Sustaining serious injuries as a UAA athlete can have a serious emotional, physical and financial toll. Cam Amantea, forward right wing on the UAA hockey team, has suffered through a fractured toe and a recurrent shoulder injury. Between both injuries, he has had four surgeries as recent as a month ago.
“It’s such a high-impact and high-speed sport, you kind of know what you are getting into, more or less, when you commit to playing hockey at a high level,” Amantea said. “There’s not a lot of guys that I know, at least, that haven’t been injured in some way; like, not surgeries necessarily, but broken bones or stitches or anything like that. It’s just part of the game.”
Amantea said he spends most of his weekdays doing physical therapy for his injuries before his routine hockey training.
“Guys who are hurt obviously have to put in a lot more effort to get back to where they were and better than where they were,” Amantea said.
Last year, UAA paid $127,648.65 to help athletes receive 13 surgeries, according to information obtained through public record requests from Interim Director of Athletics Tim McDiffett.
“The school helped out a lot for everything that’s happened here,” Amantea said. “Stuff from the past, like my first shoulder surgery, the school couldn’t help out just because it happened beforehand… Technically, in a way, they weren’t liable for it.”
Interim Head Athletic Trainer, Rachel Butler, wrote in an email that the athletes she worked with the most this semester are from women’s basketball, gymnastics, cross-country, track and field, alpine and Nordic skiing.
“Every rehab is different,” Butler wrote. “Often rest (or relative rest) is the first step. Then they progress through exercises to regain functional activities for normal life, then strengthening exercises. Often this is combined with various pain management techniques as well.”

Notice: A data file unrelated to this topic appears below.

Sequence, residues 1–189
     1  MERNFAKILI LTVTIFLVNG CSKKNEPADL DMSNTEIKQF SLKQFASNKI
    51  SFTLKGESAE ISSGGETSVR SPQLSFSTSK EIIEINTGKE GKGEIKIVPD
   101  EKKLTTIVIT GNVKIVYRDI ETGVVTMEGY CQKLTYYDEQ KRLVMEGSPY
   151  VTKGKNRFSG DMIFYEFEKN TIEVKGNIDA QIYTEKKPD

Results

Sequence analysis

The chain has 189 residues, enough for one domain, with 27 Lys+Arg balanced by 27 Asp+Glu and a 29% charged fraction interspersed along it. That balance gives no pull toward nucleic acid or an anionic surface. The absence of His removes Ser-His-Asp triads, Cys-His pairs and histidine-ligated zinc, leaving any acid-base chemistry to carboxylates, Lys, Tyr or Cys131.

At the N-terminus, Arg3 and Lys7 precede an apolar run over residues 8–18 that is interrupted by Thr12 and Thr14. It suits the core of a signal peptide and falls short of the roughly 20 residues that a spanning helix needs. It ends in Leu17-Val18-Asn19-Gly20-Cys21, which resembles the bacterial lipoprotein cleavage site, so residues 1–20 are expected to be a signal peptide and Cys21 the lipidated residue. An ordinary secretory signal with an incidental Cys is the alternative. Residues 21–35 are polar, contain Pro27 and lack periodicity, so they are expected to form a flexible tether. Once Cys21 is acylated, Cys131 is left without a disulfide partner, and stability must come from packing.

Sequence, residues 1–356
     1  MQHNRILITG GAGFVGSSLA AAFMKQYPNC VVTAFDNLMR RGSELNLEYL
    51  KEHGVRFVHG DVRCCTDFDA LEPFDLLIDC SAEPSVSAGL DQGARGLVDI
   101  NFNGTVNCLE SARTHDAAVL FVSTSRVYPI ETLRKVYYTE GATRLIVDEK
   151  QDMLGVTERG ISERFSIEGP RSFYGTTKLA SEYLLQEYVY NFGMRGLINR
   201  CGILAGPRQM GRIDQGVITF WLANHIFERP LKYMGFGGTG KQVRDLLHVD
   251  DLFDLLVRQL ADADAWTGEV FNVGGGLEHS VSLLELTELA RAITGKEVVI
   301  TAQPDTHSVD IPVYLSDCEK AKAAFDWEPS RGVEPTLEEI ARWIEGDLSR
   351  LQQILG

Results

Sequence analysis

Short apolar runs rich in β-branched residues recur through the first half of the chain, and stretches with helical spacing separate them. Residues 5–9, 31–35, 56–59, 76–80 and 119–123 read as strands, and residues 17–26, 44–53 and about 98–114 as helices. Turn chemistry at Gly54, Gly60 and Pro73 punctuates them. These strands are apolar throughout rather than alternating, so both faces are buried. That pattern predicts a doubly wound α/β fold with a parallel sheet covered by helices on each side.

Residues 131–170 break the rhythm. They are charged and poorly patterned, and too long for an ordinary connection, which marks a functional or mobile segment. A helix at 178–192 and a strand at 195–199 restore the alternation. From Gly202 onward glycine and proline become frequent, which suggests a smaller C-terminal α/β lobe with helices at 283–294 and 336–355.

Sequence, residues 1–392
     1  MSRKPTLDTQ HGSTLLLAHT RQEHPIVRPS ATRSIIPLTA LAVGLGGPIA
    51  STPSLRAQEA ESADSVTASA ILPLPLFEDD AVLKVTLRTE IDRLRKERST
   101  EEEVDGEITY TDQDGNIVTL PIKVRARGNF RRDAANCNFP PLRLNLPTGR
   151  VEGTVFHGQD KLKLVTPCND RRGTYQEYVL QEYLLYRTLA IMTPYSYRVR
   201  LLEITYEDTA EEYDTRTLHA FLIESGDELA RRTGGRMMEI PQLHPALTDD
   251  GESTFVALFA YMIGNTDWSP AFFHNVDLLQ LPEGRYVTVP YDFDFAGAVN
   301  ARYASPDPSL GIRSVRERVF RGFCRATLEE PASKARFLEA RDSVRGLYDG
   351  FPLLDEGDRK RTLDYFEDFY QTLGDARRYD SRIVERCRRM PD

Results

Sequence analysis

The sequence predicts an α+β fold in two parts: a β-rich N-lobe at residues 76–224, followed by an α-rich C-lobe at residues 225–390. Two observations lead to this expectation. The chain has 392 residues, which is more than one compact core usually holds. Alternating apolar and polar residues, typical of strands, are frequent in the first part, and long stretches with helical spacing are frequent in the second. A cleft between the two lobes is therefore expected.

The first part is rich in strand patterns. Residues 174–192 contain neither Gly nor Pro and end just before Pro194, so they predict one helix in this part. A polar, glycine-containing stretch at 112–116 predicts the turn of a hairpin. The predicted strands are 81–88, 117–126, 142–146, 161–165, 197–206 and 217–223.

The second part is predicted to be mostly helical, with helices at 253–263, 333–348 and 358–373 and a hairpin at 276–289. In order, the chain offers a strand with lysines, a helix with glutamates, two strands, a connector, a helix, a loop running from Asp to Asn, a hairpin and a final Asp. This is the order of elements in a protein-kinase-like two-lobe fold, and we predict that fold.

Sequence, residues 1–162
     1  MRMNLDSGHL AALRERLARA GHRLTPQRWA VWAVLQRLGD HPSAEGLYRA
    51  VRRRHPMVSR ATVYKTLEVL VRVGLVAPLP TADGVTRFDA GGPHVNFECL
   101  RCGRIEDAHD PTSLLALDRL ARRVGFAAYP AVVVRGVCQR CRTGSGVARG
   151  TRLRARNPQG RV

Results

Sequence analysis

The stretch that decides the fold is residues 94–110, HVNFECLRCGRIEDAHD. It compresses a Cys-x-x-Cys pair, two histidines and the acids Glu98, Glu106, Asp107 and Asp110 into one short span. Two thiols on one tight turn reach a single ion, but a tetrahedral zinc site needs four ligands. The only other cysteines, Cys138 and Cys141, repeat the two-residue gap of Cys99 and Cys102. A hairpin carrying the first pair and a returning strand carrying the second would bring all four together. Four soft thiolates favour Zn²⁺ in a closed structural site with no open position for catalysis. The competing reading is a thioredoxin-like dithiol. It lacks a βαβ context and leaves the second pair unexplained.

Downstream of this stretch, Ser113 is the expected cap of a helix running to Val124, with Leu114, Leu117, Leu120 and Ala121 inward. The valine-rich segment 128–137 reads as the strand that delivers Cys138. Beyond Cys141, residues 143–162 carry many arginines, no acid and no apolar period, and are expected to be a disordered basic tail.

Maria Gudmundsdottir, member of the alpine ski team, suffered a knee injury in May 2016 and has undergone surgeries since then.
“I think when you are in the situation you just do it,” Gudmundsdottir said. “You don’t really have a choice, you just take it day by day. There’s definitely times when it’s hard mentally to be injured, but overall, I don’t even know actually how I do it.”
Gudmundsdottir flew back to home country of Norway for her surgery — which she said was covered by her insurance — but spends two hours a day, six days a week in physical therapy and training.
NCAA rules state that student athletes must have insurance covering athletic-related injuries. That is their primary insurance and the university insurance functions as a secondary source of coverage.
“Medical decisions are ultimately up to the student athlete,” McDiffett wrote in an email. “The insurance just provides a financial resource to the student athlete so they can pursue appropriate medical care. Not every injury requires surgery, in fact, most do not.”
Butler said there are several NCAA rules that dictate which injuries need medical clearance before a student athlete can compete again.
“If a student athlete is a diagnosed concussion, yes, they have to have medical clearance to compete again,” Butler said. “If a student athlete undergoes surgery, then they have to have medical clearance. If a student athlete is undergoing care for certain injuries — such as a sore muscle or mild ankle sprain — the athletic trainers work closely with the coaching staff to progress the student athlete back to sport as the athlete tolerates.”
For the 2015-2016 academic year, the university helped pay for 10 surgeries.